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Danny Buggs
File:Danny Buggs.png
No. 86, 88
Position:Wide receiver
Personal information
Born: (1953-04-22) April 22, 1953 (age 66)
Duluth, Georgia
Height:6 ft 2 in (1.88 m)
Weight:185 lb (84 kg)
Career information
College:West Virginia
NFL Draft:1975 / Round: 3 / Pick: 62
Career history
* New York Giants ( 1975 1976)
 * Offseason and/or practice squad member only
Career highlights and awards
* Grey Cup champion (1980)
Career NFL statistics as of 1979
Games played:68
Receptions:110
Receiving Yards:1,572
Touchdowns:4
Player stats at NFL.com
Player stats at PFR

Daniel "Danny" Buggs (born April 22, 1953 in Duluth, Georgia) is a former American football wide receiver for the New York Giants and Washington Redskins of the National Football League, the Edmonton Eskimos of the Canadian Football League, and the Tampa Bay Bandits and San Antonio Gunslingers of the United States Football League.

High schoolEdit

Danny Buggs was a star at football powerhouse Avondale High School in Avondale Estates, GA.

College careerEdit

After sitting out a year in 1971, forced to for academic reasons by coach Bobby Bowden, and rejecting offers from Arizona State, Clemson and Florida State, Buggs made an immediate impact in 1972. He scored a whopping 84 points, including punt returns, and also averaged a touchdown every five times he touched the ball.

Buggs was a 1973 Kodak first team All-American from West Virginia University, who owns the longest catch from scrimmage in West Virginia school history against Penn State in 1973 for 96 yards and a touchdown. He was also the first Mountaineer to post back-to-back 100 yard receiving games.

In 1974, he was selected to play in the Hula Bowl and the Senior Bowl, helping the East top the West with a touchdown in the Hula Bowl.

He ranks fourth in career receiving yards with 1,796 and touchdown receptions with 15 and holds the West Virginia record for most career yards per reception with a 20.9 average. He is often considered one of the greatest receivers in West Virginia University football history, along with greats such as Reggie Rembert, Jerry Porter, and Chris Henry.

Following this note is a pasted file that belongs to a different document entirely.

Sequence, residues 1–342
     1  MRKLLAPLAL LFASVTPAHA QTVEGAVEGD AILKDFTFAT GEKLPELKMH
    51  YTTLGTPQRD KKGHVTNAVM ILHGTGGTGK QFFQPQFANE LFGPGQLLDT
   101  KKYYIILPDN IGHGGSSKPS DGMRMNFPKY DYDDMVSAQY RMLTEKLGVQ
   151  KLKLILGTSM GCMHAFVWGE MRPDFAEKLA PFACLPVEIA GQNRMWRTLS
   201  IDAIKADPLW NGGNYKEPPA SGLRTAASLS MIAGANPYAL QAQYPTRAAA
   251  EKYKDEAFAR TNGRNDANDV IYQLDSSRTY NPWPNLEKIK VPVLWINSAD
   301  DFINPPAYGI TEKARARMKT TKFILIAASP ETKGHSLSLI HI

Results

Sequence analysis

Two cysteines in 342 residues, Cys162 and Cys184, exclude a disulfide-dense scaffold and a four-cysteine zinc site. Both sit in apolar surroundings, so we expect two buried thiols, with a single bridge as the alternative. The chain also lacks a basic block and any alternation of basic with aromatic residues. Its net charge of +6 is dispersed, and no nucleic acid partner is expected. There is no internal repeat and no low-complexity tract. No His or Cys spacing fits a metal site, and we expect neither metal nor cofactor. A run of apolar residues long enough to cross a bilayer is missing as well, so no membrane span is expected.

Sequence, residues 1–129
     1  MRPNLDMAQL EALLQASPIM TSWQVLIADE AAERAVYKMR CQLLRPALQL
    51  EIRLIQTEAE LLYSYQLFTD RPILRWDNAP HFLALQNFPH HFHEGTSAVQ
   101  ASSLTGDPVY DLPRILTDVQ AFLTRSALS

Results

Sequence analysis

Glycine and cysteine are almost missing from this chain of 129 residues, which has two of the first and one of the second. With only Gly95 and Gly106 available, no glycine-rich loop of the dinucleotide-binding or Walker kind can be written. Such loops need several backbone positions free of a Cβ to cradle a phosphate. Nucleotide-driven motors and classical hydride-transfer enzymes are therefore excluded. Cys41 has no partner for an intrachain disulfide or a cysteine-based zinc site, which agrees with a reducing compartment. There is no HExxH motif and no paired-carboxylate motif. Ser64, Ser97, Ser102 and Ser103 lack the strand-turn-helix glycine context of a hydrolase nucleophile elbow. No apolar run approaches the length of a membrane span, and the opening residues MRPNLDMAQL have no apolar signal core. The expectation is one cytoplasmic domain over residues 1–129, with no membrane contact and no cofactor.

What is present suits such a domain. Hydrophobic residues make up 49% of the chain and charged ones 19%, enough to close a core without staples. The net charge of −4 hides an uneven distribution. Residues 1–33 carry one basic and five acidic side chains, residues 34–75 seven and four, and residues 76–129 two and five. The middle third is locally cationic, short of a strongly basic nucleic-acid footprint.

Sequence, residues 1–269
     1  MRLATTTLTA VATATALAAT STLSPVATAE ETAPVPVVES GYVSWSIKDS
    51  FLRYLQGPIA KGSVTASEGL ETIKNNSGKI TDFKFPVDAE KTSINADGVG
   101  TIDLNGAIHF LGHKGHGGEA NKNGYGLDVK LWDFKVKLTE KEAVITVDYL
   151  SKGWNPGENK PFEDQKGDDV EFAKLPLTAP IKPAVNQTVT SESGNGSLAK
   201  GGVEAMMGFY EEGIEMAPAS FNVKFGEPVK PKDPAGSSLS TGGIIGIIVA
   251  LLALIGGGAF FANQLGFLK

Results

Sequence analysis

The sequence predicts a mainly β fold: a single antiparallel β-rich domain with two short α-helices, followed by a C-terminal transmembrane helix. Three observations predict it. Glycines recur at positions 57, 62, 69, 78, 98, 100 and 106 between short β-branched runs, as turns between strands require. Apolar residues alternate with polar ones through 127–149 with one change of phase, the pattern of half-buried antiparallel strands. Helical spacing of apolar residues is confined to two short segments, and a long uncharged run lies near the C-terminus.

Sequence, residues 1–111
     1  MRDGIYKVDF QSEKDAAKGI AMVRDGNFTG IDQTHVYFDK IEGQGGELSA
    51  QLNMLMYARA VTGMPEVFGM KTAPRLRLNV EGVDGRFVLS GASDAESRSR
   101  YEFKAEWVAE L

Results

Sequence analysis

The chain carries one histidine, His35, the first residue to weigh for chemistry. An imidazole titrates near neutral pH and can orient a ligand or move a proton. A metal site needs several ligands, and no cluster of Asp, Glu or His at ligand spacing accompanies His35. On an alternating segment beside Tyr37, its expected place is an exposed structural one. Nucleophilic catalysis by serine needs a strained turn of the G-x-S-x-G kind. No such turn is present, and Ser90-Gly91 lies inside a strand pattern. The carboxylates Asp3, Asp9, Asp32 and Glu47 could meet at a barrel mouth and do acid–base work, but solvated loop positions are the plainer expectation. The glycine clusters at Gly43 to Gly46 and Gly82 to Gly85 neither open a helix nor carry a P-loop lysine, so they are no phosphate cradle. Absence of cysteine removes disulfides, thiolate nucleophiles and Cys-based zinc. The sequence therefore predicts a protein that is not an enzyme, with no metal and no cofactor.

Professional careerEdit

NFLEdit

Buggs was drafted by the New York Giants in the third round of the 1975 NFL Draft. He played two seasons in New York, 1975 and 1976.

The Giants cut Buggs partway through the 1976 season, and the Washington Redskins signed him. In his six games with the Redskins in 1976, he caught two passes for 25 yards. The next season, 1977 he had 26 receptions for 341 yards and a touchdown.

With the NFL's then-all-time leading receiver, Charley Taylor, retired following the 1977 season after playing for the Redskins for 14 seasons, Buggs broke out in 1978 with 36 receptions for 575 yards and two touchdowns. In his final NFL season, 1979, Buggs totaled 46 receptions for 631 yards and a touchdown while playing all 16 games for the first time in his career.

On April 29, 1980, Buggs was traded along with a fourth round pick (Larry Flowers) in the 1980 NFL Draft by the Washington Redskins to the Tampa Bay Buccaneers in exchange for cornerback Jeris White. Buggs was traded to make room for the Redskins' first round selection, future Hall of Famer Art Monk, the first time Washington did not trade its first round pick since 1968.[1] He attended the Buccaneers' training camp, but was cut on September 1, 1980.[2]

On June 23, 1981, Buggs signed with the Houston Oilers and he was with the team until August 25, 1981.[3]

CFL and USFLEdit

Buggs played in the CFL from 1980 to 1982. In 1980, he helped the Edmonton Eskimos, led by quarterback Warren Moon, win the Grey Cup, which is the CFL's championship game. On April 20, 1982, he was signed by the Montreal Alouettes.[3] Shortly after he signed the Alouettes folded and the franchise became the Montreal Concordes. The Concordes later released him on July 4, 1982.[4]

Buggs played for the USFL's Tampa Bay Bandits in 1983, and the San Antonio Gunslingers in 1984 and 1985.

ReferencesEdit

  1. Redskins satisfied with draft Free Lance-Star, accessed March 31, 2012
  2. Garo Drops In For Lunch Evening Independent, accessed March 31, 2012
  3. 3.0 3.1 Montreal signs ex-Oiler The Windsor Star, accessed March 31, 2012
  4. Football The Phoenix, accessed March 31, 2012.
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